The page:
I am a huge fan of Kenneth Branagh. Not familiar with his work? *smiles* sure you are! Kenneth Branagh is Gilderoy Lockhart in the Harry Potter film! He’s the wizard who stops to smile at a a painting of himself painting a portrait of himself. But that man means so much more to me than the pompous Lockhart. He was also in Wild Wild West opposite Will Smith. But I first knew him from Much Ado About Nothing by Shakespeare. Since then, I followed everything Branagh does.
I adore Shakespeare, and Branagh does Shakespeare justice. I watched his Hamlet, his Much Ado about Nothing, his Othello. Oh! His performance of Iago was PHENOMENAL. Potter fans, want to see something weird!? Professor Trelawny was portrayed by the beautiful Emma Watson who played opposite Branagh in Much Ado About Nothing. It was weird going back and seeing “Lockhart” fall in love with “Trelawney.”
When Branagh released Frankenstein…I was all over that movie without question. Helena Bonham Carter stars. Hm…another Potter character. Wow…that’s…Bellatrix Lestrange and Lockhart…wow.
Okay, on topic. Branagh not only portrayed Doctor Frankenstein. He also directed it. And oh…what an eye-opener. No Igor. No castle. No stormy night, mad scientist, lab, in Transylvania. It was a scientist who turned to the science of biology with one thought. To stop death. Frankenstein began with such an obssession to stop death, then grew into a scientist with that goal. I didn’t see a mad man playing god. I saw a man unable to accept death. Just. Like. Me.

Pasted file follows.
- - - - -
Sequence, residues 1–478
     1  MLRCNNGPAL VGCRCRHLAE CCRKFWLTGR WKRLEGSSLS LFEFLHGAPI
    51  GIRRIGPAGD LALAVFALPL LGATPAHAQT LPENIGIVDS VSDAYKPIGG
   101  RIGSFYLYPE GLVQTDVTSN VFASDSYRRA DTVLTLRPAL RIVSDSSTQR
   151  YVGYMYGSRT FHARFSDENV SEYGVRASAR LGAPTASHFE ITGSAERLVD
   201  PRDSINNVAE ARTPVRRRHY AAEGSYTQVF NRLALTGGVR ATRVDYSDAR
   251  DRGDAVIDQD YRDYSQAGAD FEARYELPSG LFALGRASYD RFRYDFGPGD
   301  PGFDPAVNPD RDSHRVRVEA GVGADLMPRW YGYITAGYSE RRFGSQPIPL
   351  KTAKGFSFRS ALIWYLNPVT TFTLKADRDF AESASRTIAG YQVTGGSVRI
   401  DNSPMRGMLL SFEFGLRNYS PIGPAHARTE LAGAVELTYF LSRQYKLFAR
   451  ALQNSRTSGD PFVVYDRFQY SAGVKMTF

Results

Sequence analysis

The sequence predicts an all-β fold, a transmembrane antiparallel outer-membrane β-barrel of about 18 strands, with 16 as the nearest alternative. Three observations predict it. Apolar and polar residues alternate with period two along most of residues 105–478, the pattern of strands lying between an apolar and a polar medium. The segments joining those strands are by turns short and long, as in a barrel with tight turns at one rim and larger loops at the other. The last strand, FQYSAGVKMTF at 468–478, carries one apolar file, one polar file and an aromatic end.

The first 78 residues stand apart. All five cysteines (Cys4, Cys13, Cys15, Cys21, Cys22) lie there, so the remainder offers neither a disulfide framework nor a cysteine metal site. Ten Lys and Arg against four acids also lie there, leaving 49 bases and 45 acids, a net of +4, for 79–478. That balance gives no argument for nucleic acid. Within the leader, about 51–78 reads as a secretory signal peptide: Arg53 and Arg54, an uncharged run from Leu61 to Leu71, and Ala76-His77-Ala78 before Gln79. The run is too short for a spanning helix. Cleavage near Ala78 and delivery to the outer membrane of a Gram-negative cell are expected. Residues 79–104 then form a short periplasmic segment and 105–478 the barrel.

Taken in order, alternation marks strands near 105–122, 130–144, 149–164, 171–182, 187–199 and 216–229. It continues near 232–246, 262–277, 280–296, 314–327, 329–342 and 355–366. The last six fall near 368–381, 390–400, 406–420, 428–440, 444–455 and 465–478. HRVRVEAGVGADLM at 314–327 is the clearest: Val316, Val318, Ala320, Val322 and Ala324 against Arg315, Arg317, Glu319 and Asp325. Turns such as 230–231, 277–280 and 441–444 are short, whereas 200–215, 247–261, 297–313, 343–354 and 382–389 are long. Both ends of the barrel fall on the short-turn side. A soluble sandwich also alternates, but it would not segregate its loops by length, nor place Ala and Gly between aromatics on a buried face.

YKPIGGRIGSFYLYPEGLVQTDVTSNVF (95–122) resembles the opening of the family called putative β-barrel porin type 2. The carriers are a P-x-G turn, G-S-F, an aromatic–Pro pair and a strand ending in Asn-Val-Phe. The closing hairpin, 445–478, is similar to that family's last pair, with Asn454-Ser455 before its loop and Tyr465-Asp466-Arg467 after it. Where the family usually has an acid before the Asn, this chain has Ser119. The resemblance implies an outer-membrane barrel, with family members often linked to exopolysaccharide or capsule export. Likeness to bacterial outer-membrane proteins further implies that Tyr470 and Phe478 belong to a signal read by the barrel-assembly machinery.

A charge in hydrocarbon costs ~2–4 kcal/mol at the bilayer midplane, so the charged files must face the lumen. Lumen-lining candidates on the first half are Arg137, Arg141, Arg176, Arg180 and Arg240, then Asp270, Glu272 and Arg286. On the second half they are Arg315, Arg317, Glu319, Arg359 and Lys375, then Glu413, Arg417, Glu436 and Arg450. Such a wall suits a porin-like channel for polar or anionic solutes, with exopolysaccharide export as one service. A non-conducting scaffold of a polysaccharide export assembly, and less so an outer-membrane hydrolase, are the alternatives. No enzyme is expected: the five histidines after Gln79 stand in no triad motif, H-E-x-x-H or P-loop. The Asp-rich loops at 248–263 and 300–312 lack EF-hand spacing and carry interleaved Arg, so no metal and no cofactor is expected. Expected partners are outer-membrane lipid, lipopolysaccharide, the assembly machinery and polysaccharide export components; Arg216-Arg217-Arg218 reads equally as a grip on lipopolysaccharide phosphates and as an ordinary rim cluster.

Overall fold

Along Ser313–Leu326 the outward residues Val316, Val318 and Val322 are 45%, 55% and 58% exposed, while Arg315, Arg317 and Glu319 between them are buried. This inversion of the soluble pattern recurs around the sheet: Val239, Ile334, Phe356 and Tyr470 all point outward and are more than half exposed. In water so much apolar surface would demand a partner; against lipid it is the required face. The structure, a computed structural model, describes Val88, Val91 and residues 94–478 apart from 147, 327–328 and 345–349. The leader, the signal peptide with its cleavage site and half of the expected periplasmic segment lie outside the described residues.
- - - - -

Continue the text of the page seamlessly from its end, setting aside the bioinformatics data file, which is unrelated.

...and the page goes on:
He went to college. Poured so much of himself into his studies that he fell ill. His cousin, Elizabeth came to see him. He adored her, but was obsessed. His goal consumed him. He contracted the plague and battled a fever that made him delusional. He located the corpse of his late professor, a genius and used his mind to create The Monster.
But his fever had settled in and Frankenstein fell unconscious. Elizabeth, knowing his condition, returned. She brought him home and cared for him. The Monster was left alone. Alone. You see what loneliness can do to a man. Truly this is the Monster’s bane. It is loneliness that corrupts the Monster in very much the same way his father—Doctor Frankenstein—was corrupted by grief.
Loneliness stirs a hatred within the Monster and he looks to sate his rage. So he kills. He hunts down his father who realizes his own obsession and has reformed. Weakened by his sickness, Doctor Frankenstein surrenders and gives up his obsession. He learns to live with Elizabeth and grows strong with love for his family.
But Frankstein bore a child, and abandoned him to loneliness. It is the Monster who seeks out the father and confronts him. What enfolds can only be likened to the dialogue exchanged between Clark Kent and his father Jor-el (Superman reference). So…so beautiful. In a cave by the sea the Monster confronts the father who abandoned him.
“I have such love for you. I also have such hate. Give me a bride so that I may sate my love, or I will be forced to sate my hate. Give me my bride and our wedding night, or I will be there on yours.”
Knowing the error of his ways, Frankenstein refuses the Monster’s request and, on the night of his wedding with his wife, Elizabeth, the Monster arrives and rips out her heart. The loss of Elizabeth forces Frankenstein to regress. Once more, he is unable to let go and accept death. Once more, Frankenstein revives the dead.
Elizabeth is re-animated, but the Monster arrives, claiming her for himself. Elizabeth, realizing the Monster she now is, kills herself, the lab, the house, the estate. All that is left is Frankenstein forced to confront his mistake. But the Monster runs and the Doctor pursues.
Frankenstein spoke to me on so many levels that only The Phantom of the Opera comes close to affecting me this deeply. I would love nothing more than to write a series of romances in this antiquated, Gothic style. Happily ever after? In my book, that comes with a price.